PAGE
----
of the founders of this institution the administration of washington was using the recession and the ongoing depression as the pretext to turn the american public against a free enterprise system and was doing so with the tools of class warfare half. this sounds remarkably similar to today and was the belief of our founders that unless something changed, something big was going to happen and something bad, the american economy and indeed to the american society. as we all know, something was about to happen in 1938 and we certainly hope something like that isn't about to happen today. we will get a view of tonight's speaker about what the next great revolution will look like in american politics. jim as i said is the president of the science foundation and he's written and edited books for many years on policy and politics. he's been a leading voice in the conservative intellectual movement and a central figure in before lamb preppie in higher education. we are honored to have him here. jim piereson. [applause] >> thanks very much, arthur. it's a great pleasure to be back at aei to renew a f
plus, your e-mails, phone calls and tweets. washington journal, live tuesday, at 7:00 a.m. eastern, on c-span. >> now, latinos and the 2012 election, and what policy issues influenced their vote. speakers included former white house adviser to latin american, soto, and alfonso aguilar.: this is about two hours. [inaudible conversations] s. >> this is i think, as you all know, a place where public policy and research meet. i bring together the world of ideas with the world of policy action. very happy that tim johnson, the director of the latin american program is here this morning. and also want to acknowledge sal low star who had a lot to do with the planning, and this is an event we're cosponsoring with immigration works, to tamar a jacoby, and arizona state university, working on the issues. i want to acknowledge cardenas, a former governor and distinguished mexican colleague and many other good friends. and mane others back at the woodrow wilson system. and dan, who is out of government and into this civilian life. there's no doubt the latino vote was important in this past ele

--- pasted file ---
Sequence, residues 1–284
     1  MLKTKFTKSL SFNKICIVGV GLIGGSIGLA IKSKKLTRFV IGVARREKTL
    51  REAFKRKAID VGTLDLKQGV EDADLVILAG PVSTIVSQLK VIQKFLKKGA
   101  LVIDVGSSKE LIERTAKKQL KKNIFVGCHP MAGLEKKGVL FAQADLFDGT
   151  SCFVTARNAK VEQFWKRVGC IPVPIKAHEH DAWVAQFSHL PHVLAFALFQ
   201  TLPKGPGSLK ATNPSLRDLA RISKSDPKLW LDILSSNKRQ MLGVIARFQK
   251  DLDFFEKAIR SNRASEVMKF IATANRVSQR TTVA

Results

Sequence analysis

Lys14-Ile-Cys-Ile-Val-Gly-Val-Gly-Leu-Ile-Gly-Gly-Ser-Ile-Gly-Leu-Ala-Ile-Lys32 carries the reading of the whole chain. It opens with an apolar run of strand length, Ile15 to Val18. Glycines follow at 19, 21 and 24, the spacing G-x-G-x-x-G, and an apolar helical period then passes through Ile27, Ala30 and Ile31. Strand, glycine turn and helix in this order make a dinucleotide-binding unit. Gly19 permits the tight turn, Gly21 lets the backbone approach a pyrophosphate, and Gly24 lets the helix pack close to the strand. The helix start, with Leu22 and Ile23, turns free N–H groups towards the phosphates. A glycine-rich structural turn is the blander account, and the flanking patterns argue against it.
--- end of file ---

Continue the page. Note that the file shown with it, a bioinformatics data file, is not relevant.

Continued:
Search Results 0 to 11 of about 12 (some duplicates have been removed)